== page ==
I guess I could start these 'gay-themed' threads on the new "chit-chat" thread but DADT beigg gay-themed itself seems more relevant. I've posted about my thread disappearing from the board with not much response. It disappeared during writing a response to SandJames' question about whether it became tiresome to always identify as the "gay girl" on these threads. My response to him was as follows:
Quote Originally Posted by sandsjames View Post
I wasn't criticizing at all. Just a question as I don't have to put up with being identified as part of a specific group. I'd think it would become tiresome after awhile.
I didn't think you were necessarily criticizing James, though I have had the 'gay fatigue' POV leveled at me on this forum. (Neg Rep, multiple times and in comments from some in the threads.)
It kinda does get tiring--partly because every time you say it, it's a bit like coming out and you don't know how a people will react--which is why I feel I have to 'stand my ground' as to have being gay perceived by others as, 'no big deal.' People sense weakness and insecurity in others and some will try to exploit that for their own ends.

The reason I posted this thread is because I really enjoyed this film and wanted to share it with others. GLBT themes in the media are not very visible outside of a tragedy or some perceived 'media-worthy' event like DADT, gay parades and such. We ALL need to see and experience as normal images of ourselves in media. Straight people have the privilege daily in multiple arenas but GLBT people not so much.S OMEONE on MTF, probably a lurker, will find something from my posts they may not have access to in their sphere. Yesterday was 'National Coming Out Day' and I heard it over and over as people came out publicy, the fear-factor present in exposing their private selves to public ridicule.
I've reprinted it here because it will disappear into the ether if I don't. I just read a relevant article on "Lesbian Sex Scenes" that answers some questions I think. I'm a bit afraid to add the link for fear of moderation, so I've reprinted a relevant portion of the article (to read it in toto, go to the website "Ask Ellen").

It's hard to believe today, when women argue for and against their favorite lesbian films and compile rival top 10 lists, that not long ago there were no LGBT film festivals, no lesbian and gay sections at the video store, and no books cataloguing queer-themed films. Lesbian sex scenes outside of the porn industry only rarely made it onto the big screen, and when they did, it was likely in some obscure foreign film that played for one weekend at a small art house in New York City.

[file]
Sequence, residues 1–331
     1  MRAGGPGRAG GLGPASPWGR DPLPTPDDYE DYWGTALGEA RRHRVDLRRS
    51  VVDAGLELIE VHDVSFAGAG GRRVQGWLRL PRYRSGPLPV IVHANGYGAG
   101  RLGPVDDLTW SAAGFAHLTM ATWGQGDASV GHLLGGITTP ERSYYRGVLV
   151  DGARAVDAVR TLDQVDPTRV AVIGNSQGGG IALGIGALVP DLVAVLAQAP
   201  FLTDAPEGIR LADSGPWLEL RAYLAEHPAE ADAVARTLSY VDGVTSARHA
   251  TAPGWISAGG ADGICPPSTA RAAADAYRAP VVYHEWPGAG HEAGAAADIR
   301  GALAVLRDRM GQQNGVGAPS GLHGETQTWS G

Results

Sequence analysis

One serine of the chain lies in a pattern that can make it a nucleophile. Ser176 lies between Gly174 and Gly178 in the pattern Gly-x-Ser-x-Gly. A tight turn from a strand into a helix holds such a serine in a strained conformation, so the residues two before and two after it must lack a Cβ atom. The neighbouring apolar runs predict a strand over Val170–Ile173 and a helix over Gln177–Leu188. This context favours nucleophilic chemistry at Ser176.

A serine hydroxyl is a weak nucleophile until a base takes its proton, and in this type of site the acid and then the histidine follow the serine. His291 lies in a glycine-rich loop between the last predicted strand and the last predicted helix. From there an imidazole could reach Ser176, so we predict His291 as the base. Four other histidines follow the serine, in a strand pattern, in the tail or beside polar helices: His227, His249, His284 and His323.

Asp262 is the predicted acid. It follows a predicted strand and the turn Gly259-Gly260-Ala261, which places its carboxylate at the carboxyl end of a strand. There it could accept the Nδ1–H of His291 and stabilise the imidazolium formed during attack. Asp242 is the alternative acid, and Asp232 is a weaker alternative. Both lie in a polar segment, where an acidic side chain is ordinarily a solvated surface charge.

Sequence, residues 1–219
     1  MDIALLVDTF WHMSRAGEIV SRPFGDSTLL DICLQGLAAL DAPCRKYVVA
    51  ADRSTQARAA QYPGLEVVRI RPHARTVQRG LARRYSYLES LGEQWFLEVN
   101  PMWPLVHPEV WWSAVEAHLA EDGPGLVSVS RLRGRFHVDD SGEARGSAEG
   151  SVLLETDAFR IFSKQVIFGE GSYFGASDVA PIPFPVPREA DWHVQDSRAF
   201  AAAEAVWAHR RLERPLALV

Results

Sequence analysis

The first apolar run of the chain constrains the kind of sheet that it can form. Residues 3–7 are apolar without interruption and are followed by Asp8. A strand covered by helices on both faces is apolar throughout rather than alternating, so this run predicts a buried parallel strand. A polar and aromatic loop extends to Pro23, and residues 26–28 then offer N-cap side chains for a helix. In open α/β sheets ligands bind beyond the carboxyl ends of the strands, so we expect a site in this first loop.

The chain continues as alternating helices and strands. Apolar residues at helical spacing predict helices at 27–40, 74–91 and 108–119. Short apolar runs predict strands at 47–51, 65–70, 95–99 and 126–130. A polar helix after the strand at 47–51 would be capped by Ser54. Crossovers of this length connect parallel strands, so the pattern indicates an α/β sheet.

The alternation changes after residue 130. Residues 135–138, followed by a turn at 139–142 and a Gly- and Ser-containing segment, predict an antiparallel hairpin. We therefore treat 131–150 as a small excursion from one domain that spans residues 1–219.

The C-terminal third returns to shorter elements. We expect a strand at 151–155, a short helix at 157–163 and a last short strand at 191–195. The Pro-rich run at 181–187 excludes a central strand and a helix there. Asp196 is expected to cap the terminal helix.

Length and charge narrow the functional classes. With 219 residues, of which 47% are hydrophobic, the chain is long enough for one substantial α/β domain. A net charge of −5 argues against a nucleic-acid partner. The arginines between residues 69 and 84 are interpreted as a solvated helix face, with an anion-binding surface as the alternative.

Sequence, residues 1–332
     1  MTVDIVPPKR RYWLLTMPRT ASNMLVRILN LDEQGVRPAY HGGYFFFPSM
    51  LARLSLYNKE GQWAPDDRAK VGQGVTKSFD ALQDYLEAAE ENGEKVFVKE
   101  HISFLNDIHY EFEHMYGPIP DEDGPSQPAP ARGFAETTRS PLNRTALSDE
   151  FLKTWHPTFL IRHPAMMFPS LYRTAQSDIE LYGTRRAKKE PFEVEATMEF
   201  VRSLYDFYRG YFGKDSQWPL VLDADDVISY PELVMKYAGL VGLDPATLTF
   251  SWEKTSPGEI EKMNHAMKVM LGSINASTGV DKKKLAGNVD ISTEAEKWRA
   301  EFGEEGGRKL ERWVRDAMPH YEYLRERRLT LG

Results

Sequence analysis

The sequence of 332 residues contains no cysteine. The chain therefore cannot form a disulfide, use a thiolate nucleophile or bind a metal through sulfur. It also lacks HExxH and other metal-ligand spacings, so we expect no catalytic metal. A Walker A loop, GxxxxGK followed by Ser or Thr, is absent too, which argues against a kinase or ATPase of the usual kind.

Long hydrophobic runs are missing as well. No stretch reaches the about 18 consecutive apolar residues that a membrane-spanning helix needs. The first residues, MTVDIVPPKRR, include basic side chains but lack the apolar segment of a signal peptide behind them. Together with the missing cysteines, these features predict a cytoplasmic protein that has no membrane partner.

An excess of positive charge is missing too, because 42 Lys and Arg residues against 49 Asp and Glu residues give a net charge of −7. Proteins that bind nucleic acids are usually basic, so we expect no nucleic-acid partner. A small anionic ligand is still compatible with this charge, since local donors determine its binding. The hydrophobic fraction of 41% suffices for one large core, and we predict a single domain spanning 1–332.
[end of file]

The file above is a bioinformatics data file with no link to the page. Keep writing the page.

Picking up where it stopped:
And then in the early '80s, two very different films — both from straight male directors — hit American theaters, and the standard for lesbian sex scenes in movies changed for good. The first, released in 1982, was a glossy mainstream film from director-screenwriter Robert Towne.Personal Best starred Mariel Hemingway as Chris Cahill, a young athlete who falls in love with teammate Tory Skinner (Patrice Donnelly).
The second, which came out a few months later, was a very different kind of film. Made by indie darling John Sayles, it was the story of an unhappily married faculty wife at a small American college who leaves her husband after she falls in love with another woman. That film wasLianna, and the year was 1983.
Although the sex scenes in both films are tame by today's standards, they clearly and overtly showed women having sex with each other on-screen — something even most of those arty foreign films only hinted at.
We're going to take a look at the most important sex scenes between women in movie history — not always the best or the hottest (although we've got those, too), but those that broke new ground in their depictions of women having sex with other women. We'll start with a sort of golden age of lesbian sex that began in 1996, come up to the present, and then take a look at groundbreaking films of the early '80s, and even the roots of lesbian sex in films going back to 1929.
These are films that, for the most part, had a major American theatrical release, even if it was of limited scope, with a few groundbreaking foreign, art house, cable and LGBT film festival movies as well. These criteria are admittedly somewhat subjective, so if you feel we've missed a film that did something new or important with its depiction of sex between women, let us know.